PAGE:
The Infrastructure Behind Social Media
17 Dec 2013 | Susan DiegelmanTagged: Connected World,
I recently attended Atlantic LIVE’s Energy and Infrastructure Super Summit where panelists discussed the importance of investing in America’s infrastructure, improving the environmental performance of buildings and reducing energy and water use. Atlantic encouraged the audience to tweet during the event, and as I looked around the room, it appeared that many people were in fact using their smartphones and tablets to live tweet.
I enjoyed participating in the online discussion, which added another layer of engagement between presenters, in-person and online attendees. Indeed, the day was filled with fascinating, “tweetable” tidbits such as the fact that ARPA-E is studying how to capture heat energy from desert sand by reverse engineering “dust devil tornados.”
The real-time social media engagement during the Summit was a small demonstration of our increasingly digital lives and of the growing demands on America’s networks.
The real-time social media engagement during the Summit was a small demonstration of our increasingly digital lives and of the growing demands on America’s networks. Every tweet or picture shared, and every conference live streamed, generates data that must travel over complex broadband infrastructure. Mobile data traffic on AT&T’s national wireless network has increased more than 30,000 percent from January 2007 through December 2012, and this exponential growth is continuing. More modern infrastructure is required to support our increasingly digital, connected lives, which is why AT&T has committed to a multi-year, multi-billion dollar investment to deploy fully IP-enabled networks.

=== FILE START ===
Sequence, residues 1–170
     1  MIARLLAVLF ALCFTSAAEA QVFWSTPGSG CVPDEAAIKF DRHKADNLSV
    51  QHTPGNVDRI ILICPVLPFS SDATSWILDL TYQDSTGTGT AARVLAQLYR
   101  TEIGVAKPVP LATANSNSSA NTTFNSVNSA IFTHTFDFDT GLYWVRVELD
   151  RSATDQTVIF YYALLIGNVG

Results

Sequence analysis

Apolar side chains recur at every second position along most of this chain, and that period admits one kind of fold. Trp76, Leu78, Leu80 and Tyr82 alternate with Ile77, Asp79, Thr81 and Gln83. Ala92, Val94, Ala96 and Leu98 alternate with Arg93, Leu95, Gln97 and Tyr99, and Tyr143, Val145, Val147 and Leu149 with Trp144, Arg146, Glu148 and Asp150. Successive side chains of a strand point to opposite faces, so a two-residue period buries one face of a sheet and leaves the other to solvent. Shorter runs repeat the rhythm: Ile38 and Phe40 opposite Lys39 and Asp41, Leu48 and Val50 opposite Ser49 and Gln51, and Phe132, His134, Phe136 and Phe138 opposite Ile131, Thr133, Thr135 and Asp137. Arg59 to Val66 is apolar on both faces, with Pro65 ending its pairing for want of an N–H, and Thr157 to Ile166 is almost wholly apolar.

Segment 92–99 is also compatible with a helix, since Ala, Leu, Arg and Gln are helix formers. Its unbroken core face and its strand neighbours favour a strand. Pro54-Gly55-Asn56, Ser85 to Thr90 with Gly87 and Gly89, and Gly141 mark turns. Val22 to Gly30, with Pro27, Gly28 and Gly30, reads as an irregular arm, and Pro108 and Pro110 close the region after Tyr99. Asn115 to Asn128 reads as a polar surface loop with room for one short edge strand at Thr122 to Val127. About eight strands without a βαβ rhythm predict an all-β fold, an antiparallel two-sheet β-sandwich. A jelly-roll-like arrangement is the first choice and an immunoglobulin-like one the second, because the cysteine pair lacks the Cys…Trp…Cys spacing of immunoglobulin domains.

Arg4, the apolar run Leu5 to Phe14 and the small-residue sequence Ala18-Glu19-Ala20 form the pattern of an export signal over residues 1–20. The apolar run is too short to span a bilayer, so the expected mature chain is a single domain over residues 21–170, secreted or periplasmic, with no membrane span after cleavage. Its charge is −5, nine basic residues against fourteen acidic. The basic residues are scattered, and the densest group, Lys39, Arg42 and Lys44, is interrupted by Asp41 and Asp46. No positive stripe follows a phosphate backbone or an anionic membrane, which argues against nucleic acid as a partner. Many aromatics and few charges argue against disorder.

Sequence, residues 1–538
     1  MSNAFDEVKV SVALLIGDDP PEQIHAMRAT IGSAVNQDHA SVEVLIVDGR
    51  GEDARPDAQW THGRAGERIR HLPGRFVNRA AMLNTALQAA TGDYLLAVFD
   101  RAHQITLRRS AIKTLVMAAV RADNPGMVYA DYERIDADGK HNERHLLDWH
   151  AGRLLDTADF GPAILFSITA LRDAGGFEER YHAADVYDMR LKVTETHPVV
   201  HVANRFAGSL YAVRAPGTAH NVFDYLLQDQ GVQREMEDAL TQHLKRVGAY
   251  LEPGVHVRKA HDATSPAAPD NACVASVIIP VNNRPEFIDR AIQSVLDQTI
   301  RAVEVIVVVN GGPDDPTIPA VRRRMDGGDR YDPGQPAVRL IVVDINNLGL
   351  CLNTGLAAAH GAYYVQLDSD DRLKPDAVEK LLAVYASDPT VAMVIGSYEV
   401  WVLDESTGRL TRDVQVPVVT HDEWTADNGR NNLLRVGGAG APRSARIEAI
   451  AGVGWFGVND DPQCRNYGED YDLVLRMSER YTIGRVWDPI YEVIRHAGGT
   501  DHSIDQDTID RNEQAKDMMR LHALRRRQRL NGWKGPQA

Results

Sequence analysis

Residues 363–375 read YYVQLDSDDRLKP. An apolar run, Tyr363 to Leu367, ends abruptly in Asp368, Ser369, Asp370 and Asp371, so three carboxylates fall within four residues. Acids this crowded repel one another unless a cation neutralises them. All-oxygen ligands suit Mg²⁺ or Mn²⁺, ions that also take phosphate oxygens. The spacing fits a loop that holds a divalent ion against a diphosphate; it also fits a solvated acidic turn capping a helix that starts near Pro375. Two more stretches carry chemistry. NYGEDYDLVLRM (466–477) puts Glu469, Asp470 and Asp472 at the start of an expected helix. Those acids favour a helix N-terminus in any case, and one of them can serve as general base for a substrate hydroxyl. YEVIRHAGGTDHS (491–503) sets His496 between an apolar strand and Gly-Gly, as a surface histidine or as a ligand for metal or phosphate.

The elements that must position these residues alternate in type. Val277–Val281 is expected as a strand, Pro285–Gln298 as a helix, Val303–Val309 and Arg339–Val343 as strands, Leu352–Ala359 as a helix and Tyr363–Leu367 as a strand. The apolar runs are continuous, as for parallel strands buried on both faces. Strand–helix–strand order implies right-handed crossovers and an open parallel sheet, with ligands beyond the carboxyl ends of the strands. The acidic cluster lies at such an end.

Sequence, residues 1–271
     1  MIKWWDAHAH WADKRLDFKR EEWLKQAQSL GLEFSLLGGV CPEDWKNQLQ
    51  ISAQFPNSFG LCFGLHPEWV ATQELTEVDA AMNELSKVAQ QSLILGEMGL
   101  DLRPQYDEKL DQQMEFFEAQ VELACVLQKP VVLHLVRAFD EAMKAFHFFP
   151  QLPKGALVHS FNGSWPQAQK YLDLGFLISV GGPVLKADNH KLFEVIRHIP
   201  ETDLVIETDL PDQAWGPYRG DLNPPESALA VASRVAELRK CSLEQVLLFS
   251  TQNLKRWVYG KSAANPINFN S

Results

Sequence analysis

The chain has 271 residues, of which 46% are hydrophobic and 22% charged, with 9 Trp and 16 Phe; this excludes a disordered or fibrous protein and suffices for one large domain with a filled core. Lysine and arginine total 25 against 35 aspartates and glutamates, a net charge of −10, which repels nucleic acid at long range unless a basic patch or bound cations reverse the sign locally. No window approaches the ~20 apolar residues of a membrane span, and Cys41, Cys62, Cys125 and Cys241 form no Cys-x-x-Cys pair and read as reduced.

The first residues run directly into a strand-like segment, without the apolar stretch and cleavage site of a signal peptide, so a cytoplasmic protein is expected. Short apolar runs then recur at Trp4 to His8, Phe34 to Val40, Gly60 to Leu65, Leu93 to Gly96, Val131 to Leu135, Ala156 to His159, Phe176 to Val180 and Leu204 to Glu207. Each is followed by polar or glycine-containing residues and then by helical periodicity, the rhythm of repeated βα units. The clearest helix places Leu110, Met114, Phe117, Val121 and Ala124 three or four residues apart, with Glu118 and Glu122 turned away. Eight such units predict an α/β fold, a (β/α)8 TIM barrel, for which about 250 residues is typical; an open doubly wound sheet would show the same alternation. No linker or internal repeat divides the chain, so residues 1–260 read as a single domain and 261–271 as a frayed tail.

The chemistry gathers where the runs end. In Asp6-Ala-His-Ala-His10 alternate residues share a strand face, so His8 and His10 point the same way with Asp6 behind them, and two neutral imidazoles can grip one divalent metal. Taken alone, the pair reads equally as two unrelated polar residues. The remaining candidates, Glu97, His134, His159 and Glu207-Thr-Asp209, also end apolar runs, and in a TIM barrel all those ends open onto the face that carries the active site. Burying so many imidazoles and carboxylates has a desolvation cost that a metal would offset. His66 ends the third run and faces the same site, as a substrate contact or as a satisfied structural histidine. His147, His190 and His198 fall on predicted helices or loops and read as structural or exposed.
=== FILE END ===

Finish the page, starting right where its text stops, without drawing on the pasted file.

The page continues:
In addition to investing in network performance, we’re also investing to minimize the environmental impacts of operating our networks. The equipment that supports Broadband generates a lot of heat, which can in turn increase energy and water use to cool the facilities that house this equipment. In response, AT&T increased network energy efficiency by 57 percent between 2008 and 2012 and invested in 14,300 energy efficiency projects from 2010-2012.
Together with Environmental Defense Fund (EDF), we’ve also looked at the relationship between energy and water, since energy generation is water-intensive and the infrastructure communities use to clean and distribute water uses a substantial amount of energy. We set a goal to reduce our annualized water consumption by 150 million gallons by the end of 2015 through improving building cooling processes, and we created a toolkit at www.edf.org/attwater that helps other organizations reduce their own water use related to cooling by 14-40 percent. My colleague John Schulz and EDF’s Brendan FitzSimons discussed the energy-water relationship and making the business case for water investment at the Summit, and their discussion is viewable here.
As more people and functions move online and connect to the Internet of Things, AT&T will continue investing in the modern network infrastructure that keeps America competitive. We will also continue collaborating with experts to minimize the energy and water impacts of these networks.
So keep on tweeting, streaming and downloading and know that we’re working diligently behind the scenes to deliver faster speeds while minimizing our environmental impacts.
This post originally appeared on the BlueGreen Alliance BlueGreen Blog.